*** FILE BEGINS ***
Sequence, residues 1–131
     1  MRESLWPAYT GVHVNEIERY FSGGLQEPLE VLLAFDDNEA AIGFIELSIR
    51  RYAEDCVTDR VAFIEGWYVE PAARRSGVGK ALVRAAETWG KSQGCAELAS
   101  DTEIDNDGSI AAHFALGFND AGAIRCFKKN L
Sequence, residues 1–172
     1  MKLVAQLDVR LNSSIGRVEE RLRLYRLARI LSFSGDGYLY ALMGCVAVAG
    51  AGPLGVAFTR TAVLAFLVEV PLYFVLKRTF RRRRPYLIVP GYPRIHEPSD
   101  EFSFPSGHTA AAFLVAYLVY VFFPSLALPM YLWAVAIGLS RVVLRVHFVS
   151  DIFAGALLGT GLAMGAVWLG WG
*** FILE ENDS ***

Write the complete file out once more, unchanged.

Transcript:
Sequence, residues 1–131
     1  MRESLWPAYT GVHVNEIERY FSGGLQEPLE VLLAFDDNEA AIGFIELSIR
    51  RYAEDCVTDR VAFIEGWYVE PAARRSGVGK ALVRAAETWG KSQGCAELAS
   101  DTEIDNDGSI AAHFALGFND AGAIRCFKKN L
Sequence, residues 1–172
     1  MKLVAQLDVR LNSSIGRVEE RLRLYRLARI LSFSGDGYLY ALMGCVAVAG
    51  AGPLGVAFTR TAVLAFLVEV PLYFVLKRTF RRRRPYLIVP GYPRIHEPSD
   101  EFSFPSGHTA AAFLVAYLVY VFFPSLALPM YLWAVAIGLS RVVLRVHFVS
   151  DIFAGALLGT GLAMGAVWLG WG